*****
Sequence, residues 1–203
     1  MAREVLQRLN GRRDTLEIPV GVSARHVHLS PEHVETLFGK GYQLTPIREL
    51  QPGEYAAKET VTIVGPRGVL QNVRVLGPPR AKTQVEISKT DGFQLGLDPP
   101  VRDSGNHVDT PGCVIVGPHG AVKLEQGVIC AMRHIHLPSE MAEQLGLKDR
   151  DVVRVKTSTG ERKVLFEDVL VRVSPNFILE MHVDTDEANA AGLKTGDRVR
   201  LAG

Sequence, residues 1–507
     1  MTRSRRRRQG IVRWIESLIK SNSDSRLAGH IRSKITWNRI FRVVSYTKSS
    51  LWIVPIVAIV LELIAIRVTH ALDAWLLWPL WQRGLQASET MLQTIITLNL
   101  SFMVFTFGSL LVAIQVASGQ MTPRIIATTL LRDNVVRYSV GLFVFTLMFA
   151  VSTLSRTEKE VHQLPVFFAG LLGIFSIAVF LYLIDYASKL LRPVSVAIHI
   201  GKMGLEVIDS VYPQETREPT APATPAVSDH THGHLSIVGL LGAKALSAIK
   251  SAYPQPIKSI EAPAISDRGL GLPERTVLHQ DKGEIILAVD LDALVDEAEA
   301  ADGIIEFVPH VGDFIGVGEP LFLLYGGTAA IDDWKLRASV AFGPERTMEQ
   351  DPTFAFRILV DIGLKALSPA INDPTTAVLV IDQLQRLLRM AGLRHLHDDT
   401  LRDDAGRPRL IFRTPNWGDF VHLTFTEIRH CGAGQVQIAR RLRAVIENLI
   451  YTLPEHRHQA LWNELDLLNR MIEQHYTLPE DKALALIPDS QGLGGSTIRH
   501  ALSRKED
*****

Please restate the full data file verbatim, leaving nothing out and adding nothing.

Sequence, residues 1–203
     1  MAREVLQRLN GRRDTLEIPV GVSARHVHLS PEHVETLFGK GYQLTPIREL
    51  QPGEYAAKET VTIVGPRGVL QNVRVLGPPR AKTQVEISKT DGFQLGLDPP
   101  VRDSGNHVDT PGCVIVGPHG AVKLEQGVIC AMRHIHLPSE MAEQLGLKDR
   151  DVVRVKTSTG ERKVLFEDVL VRVSPNFILE MHVDTDEANA AGLKTGDRVR
   201  LAG

Sequence, residues 1–507
     1  MTRSRRRRQG IVRWIESLIK SNSDSRLAGH IRSKITWNRI FRVVSYTKSS
    51  LWIVPIVAIV LELIAIRVTH ALDAWLLWPL WQRGLQASET MLQTIITLNL
   101  SFMVFTFGSL LVAIQVASGQ MTPRIIATTL LRDNVVRYSV GLFVFTLMFA
   151  VSTLSRTEKE VHQLPVFFAG LLGIFSIAVF LYLIDYASKL LRPVSVAIHI
   201  GKMGLEVIDS VYPQETREPT APATPAVSDH THGHLSIVGL LGAKALSAIK
   251  SAYPQPIKSI EAPAISDRGL GLPERTVLHQ DKGEIILAVD LDALVDEAEA
   301  ADGIIEFVPH VGDFIGVGEP LFLLYGGTAA IDDWKLRASV AFGPERTMEQ
   351  DPTFAFRILV DIGLKALSPA INDPTTAVLV IDQLQRLLRM AGLRHLHDDT
   401  LRDDAGRPRL IFRTPNWGDF VHLTFTEIRH CGAGQVQIAR RLRAVIENLI
   451  YTLPEHRHQA LWNELDLLNR MIEQHYTLPE DKALALIPDS QGLGGSTIRH
   501  ALSRKED